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Yahoo Concludes Microsoft Talks, Partners with Google

msft yhoo googNot that there was any doubt, but just in case anyone was thinking a relationship could be rekindled, Yahoo announced today that any discussions with Microsoft over merger, or other relationship, are done. Now both sides have said it… more than once.

Yahoo said in a press release that following numerous meetings, talks were “concluded.”  Microsoft was not interested in pursuing an acquisition for all of Yahoo and Yahoo’s board has determined that the sale of just their search business would not be in their best interests.

Microsoft affirmed the statement in a press release of their owning stating, “As stated on May 3rd and reiterated on May 18th Microsoft was not interested in rebidding for all of Yahoo!.  Our alternative transaction remains available for discussion.”

Moving forward, Yahoo will instead supplement income and try to boost their search business by working with Google.   In a separate announcement, it was confirmed that the two have reached a non-exclusive search deal that could be worth an extra $250 to $400m in cash flow.

The deal will allow Yahoo to run ads supplied by Google alongside Yahoo’s search results and on some web properties in the U.S. and Canada.  The deal is non exclusive and will leave Yahoo the flexibility to alternate between the paid Google search results and Yahoo’s own search advertising results.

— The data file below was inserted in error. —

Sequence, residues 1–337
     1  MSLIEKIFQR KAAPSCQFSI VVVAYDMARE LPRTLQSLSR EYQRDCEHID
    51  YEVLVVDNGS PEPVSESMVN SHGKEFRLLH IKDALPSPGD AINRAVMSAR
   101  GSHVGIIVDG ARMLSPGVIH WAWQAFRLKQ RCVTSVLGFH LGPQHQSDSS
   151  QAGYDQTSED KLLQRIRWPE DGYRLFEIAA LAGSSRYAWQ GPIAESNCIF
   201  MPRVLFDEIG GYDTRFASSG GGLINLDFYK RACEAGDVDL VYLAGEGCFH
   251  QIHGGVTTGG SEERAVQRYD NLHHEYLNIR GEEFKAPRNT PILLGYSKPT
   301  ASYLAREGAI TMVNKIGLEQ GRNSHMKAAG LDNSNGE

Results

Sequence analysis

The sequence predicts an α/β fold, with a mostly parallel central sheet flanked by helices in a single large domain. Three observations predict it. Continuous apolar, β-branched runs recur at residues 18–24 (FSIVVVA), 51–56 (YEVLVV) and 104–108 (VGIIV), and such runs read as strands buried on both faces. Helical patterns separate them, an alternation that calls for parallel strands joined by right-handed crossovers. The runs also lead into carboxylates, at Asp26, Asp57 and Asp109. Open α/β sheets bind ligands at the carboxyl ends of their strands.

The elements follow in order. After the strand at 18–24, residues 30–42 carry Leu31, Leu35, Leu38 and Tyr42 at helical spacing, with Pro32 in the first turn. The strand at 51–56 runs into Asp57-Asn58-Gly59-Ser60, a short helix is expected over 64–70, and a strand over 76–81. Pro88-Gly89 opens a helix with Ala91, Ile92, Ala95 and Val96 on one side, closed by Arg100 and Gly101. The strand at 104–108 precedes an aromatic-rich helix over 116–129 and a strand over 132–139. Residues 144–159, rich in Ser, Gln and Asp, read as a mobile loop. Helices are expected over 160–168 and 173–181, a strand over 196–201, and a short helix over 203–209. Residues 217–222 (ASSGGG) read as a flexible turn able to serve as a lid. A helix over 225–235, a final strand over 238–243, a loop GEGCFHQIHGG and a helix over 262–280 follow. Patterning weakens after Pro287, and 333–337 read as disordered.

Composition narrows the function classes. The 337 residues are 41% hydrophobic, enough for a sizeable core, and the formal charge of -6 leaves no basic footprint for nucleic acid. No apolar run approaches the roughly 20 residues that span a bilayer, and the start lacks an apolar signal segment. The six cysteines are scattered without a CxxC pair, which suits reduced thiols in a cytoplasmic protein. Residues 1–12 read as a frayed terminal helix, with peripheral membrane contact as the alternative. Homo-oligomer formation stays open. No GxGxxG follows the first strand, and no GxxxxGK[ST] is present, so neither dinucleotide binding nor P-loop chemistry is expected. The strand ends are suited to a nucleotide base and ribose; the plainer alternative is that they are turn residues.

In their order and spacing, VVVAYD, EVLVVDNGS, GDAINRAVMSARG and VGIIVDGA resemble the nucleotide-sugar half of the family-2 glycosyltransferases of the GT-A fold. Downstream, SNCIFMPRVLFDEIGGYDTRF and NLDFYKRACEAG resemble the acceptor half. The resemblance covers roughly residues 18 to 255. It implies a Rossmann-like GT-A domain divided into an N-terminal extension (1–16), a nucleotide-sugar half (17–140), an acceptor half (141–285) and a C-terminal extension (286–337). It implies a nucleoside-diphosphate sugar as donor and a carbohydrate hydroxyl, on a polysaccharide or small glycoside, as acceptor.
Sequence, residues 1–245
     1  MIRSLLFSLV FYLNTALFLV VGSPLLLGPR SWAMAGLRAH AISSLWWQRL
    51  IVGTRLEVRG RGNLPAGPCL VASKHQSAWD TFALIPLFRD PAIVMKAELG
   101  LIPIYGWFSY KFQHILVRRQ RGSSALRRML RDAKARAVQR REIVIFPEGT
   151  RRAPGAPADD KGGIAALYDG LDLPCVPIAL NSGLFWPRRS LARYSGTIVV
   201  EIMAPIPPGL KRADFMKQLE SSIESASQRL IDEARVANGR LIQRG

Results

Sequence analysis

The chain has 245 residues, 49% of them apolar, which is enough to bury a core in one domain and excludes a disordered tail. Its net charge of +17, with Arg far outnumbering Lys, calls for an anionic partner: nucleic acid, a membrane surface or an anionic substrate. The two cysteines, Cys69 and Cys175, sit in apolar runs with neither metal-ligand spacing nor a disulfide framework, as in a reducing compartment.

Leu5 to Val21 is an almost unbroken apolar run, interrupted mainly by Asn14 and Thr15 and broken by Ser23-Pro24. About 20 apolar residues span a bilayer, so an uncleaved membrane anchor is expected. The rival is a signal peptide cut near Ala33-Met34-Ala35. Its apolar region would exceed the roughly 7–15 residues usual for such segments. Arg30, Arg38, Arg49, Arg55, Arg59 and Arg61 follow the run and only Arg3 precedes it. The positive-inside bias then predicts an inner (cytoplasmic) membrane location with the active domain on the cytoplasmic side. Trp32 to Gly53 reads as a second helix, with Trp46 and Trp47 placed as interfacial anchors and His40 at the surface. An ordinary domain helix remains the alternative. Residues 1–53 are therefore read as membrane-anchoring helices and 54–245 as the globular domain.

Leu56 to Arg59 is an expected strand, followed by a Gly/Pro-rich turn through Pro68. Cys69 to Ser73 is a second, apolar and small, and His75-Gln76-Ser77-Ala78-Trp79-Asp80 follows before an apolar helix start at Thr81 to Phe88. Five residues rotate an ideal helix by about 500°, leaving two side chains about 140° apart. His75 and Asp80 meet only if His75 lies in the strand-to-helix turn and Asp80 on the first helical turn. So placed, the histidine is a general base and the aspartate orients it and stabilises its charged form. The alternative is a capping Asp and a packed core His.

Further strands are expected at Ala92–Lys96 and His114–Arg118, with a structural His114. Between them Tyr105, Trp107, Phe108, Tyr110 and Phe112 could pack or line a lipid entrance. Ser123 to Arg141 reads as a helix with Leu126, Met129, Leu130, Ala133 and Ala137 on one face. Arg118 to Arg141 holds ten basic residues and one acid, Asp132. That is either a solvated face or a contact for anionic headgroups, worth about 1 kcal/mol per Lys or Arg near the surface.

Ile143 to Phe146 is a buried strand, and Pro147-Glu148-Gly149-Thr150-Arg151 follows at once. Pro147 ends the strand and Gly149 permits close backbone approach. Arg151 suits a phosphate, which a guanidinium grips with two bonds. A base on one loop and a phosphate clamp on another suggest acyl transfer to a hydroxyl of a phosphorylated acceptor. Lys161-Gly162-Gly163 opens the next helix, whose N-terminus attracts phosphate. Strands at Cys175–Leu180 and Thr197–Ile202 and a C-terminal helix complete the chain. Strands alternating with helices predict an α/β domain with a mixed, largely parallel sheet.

Yahoo’s president Sue Decker characterized the deal saying “this agreement provides a source of funds to both deliver financial value to stockholders from search monetization and to invest in our broader strategy to transform display advertising and advance our starting point objectives with users.”

Other elements:
•The term of the contract with Google will be 10 years. That will run through an initial four year period and then be subject to two three year renewal periods at Yahoo’s election.

•Termination of the deal can occur, by either Google or Yahoo’s choosing, in the event of change in control. So if Yahoo is to structure an alternate deal (or Microsoft somehow comes back to the table), Yahoo can walk away.  The exit won’t be free, however.    The cost could be as high as $250m in termination fees during the first 24 months.  (Lesser fees could be possible with reduction terms)

•Geographically, the deal will be limited to the US and Canada.   Based on current monetization rates, Yahoo expects that to mean about $800m in annual revenue opportunity.   In incremental cash flow that could mean $250m to $400m.

•Regulatory issues are not expected to be an issue but the companies will voluntarily provide information to the Department of Justice and will wait three and a half months before starting the deal.

•No comments have been made regarding guaranteed terms or costs but Decker has confirmed that the split of Traffic Acquisition Costs (TAC) is competitive.

More on the news, including how the deal may influence Carl Icahn’s fight to seat a new Yahoo board, will follow as the story unfolds.


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